Well, just to put everyone's mind at ease: I don't actually know much of anything about Broadchurch. It's a whodunit, and I assume they get him/her/them in the end.

You can craft a sequence of visuals which lift the veil of the exterior of a character. Sometimes this is done heavy-handedly, so that movies tend towards manipulation, but not always.

Now, you are going to ask for an example. I think we get into the complex character of George Baily in It's A Wonderful Life. We don't get equally into the character of Mary Hatch Baily or most of the other characters. If it were a novel--a good novel, we would.

Is it that we get more of a sense of the complex character of George Bailey because of the writing or direction, or are we actually moved by the complexity of James Stewart's own character that he projects, his "star power”? I think maybe most of the movies that have stayed with me might come down to that.

I guess really good acting is a necessary but not sufficient condition for a great movie. Good acting may help save a movie with a bad script, but it can't make the script good.

I don't necessarily agree with Robert's statement that in a good novel we would get more into the character of Mary Bailey. We might, or we might not. Apart from the obvious cases of a first-person narrative, and some characters just being more important than others, there's frequently a central point of view in which we get much more of one character's point of view than others, even when the others are quite important. I just finished reading Pride and Prejudice, and it's a good example. We don't know nearly as much of the inner life of any other character as we do of Elizabeth.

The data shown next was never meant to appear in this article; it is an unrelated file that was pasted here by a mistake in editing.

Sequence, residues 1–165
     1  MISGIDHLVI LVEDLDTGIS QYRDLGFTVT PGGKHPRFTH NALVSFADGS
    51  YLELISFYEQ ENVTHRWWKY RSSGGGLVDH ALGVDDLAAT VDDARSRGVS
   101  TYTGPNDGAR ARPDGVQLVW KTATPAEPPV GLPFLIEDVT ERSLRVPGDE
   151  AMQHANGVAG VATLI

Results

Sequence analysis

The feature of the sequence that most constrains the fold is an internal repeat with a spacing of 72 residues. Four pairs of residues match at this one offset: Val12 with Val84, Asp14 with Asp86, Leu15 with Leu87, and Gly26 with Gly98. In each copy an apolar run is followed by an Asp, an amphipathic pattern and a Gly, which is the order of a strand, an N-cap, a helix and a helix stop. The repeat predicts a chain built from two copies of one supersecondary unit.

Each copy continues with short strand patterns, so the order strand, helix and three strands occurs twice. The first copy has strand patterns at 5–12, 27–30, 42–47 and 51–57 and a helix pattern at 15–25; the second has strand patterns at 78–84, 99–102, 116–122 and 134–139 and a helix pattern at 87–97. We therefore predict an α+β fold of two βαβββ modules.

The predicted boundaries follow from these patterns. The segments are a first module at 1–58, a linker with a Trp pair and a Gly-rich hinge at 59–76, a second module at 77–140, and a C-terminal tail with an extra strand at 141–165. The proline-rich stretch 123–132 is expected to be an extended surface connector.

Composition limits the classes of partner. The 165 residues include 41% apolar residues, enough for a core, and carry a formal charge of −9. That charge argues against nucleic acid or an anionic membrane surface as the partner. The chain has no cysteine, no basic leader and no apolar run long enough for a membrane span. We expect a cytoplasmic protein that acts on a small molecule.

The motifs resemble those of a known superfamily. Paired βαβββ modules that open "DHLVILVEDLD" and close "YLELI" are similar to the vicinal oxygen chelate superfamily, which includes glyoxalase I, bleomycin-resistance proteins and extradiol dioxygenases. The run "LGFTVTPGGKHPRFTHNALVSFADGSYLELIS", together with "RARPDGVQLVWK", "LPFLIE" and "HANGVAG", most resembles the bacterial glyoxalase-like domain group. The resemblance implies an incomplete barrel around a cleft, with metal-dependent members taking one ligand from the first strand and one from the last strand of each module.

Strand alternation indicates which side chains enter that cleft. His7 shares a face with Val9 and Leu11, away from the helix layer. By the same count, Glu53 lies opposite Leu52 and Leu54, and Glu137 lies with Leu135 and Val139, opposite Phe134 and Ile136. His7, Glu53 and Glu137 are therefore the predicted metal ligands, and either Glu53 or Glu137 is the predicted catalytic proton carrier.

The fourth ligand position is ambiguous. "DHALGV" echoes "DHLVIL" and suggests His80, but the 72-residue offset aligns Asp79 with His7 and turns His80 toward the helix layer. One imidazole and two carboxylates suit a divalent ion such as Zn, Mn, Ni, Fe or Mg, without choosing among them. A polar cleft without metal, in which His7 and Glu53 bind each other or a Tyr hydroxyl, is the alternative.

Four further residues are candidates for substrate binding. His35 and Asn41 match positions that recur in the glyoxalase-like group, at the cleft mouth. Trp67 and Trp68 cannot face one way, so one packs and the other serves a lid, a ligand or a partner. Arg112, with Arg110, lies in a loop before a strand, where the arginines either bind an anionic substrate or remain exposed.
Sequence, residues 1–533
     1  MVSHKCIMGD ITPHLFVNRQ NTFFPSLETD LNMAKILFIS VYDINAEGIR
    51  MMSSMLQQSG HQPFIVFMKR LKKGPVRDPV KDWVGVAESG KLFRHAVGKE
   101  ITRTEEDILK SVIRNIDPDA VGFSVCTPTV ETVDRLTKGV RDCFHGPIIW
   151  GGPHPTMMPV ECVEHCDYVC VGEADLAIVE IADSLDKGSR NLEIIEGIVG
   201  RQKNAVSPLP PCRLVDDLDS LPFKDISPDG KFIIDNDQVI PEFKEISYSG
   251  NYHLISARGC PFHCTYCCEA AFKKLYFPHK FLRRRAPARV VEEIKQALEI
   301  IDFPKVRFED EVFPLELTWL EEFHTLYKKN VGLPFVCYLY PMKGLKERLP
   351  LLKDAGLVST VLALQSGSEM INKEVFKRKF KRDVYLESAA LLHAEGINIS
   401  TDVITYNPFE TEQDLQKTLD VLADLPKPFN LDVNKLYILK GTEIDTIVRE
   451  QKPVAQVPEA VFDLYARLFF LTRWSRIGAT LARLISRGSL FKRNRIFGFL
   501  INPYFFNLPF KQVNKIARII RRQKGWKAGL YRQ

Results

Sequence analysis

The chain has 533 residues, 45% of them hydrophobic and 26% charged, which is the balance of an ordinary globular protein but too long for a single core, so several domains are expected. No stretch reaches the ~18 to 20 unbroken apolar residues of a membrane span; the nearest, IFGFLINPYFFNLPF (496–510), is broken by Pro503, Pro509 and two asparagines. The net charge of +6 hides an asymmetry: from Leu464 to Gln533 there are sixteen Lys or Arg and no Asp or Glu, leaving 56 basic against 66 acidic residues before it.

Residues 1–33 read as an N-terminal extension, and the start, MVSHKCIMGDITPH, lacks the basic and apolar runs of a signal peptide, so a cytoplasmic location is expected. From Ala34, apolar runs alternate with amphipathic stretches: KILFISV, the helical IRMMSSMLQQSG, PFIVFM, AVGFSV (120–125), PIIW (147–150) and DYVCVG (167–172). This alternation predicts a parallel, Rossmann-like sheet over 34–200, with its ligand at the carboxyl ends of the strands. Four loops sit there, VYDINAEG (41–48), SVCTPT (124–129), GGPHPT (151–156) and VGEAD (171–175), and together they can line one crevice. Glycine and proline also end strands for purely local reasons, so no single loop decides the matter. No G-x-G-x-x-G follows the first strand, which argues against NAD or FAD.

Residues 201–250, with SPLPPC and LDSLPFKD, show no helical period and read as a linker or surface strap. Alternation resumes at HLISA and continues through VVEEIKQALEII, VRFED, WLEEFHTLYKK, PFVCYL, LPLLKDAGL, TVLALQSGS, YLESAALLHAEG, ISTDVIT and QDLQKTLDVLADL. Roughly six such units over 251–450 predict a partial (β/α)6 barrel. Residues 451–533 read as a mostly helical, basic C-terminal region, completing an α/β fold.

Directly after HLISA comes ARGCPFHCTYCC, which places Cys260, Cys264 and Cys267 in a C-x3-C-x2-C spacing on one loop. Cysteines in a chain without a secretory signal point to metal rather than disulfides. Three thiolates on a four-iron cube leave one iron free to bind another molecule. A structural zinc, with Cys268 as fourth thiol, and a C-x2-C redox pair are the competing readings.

Broadchurch is really good, by the way, Craig.

I guess what I mean by "inner life" is not so much subjectivity, but complexity and motivation. The difference between a two-dimensional and three-dimensional character. I'm probably using the wrong term.

As I've said before, I don't like Donna Reed's portrayal of Mary Hatch. Maybe someone could have done better.

Even in A Tale of Two Cities, Sidney Carton is better developed than the other characters, but there is still a richness in some of them.

This seems relevant to Robert's comment on "inner life," "complexity" and "motivation."

Craig wrote:

The cinematic equivalent [of the monologue] would be voiceover, which is a rather "literary" device, and is sometimes criticized by cinephiles for that very reason.

I've often heard "cinephiles" speak disdainfully of the voiceover, but I don't understand why. I suppose the filmmaker's craft is to show rather than tell what a given character is all about. But given the problem (mentioned by others) movies have of really "getting inside a character's head"--and the vast superiority of the novel in doing this--I would think that some use of voiceover would be valuable tool.

I don't qualify as a cinephile, but I don't see why the voiceover shouldn't be considered a useful tool to have in the bag, though it could certainly be overused.